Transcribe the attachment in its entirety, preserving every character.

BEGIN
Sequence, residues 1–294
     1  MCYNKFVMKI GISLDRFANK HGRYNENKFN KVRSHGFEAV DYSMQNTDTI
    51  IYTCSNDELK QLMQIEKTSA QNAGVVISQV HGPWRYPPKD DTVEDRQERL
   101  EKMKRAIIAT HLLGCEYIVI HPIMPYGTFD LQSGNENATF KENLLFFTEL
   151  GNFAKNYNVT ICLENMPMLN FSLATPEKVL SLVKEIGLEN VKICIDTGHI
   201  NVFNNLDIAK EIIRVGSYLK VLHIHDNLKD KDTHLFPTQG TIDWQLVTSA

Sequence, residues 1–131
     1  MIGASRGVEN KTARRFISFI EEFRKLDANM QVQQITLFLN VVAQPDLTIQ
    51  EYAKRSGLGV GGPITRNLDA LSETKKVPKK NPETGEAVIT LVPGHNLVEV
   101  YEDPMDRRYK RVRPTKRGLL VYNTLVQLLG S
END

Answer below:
Sequence, residues 1–294
     1  MCYNKFVMKI GISLDRFANK HGRYNENKFN KVRSHGFEAV DYSMQNTDTI
    51  IYTCSNDELK QLMQIEKTSA QNAGVVISQV HGPWRYPPKD DTVEDRQERL
   101  EKMKRAIIAT HLLGCEYIVI HPIMPYGTFD LQSGNENATF KENLLFFTEL
   151  GNFAKNYNVT ICLENMPMLN FSLATPEKVL SLVKEIGLEN VKICIDTGHI
   201  NVFNNLDIAK EIIRVGSYLK VLHIHDNLKD KDTHLFPTQG TIDWQLVTSA

Sequence, residues 1–131
     1  MIGASRGVEN KTARRFISFI EEFRKLDANM QVQQITLFLN VVAQPDLTIQ
    51  EYAKRSGLGV GGPITRNLDA LSETKKVPKK NPETGEAVIT LVPGHNLVEV
   101  YEDPMDRRYK RVRPTKRGLL VYNTLVQLLG S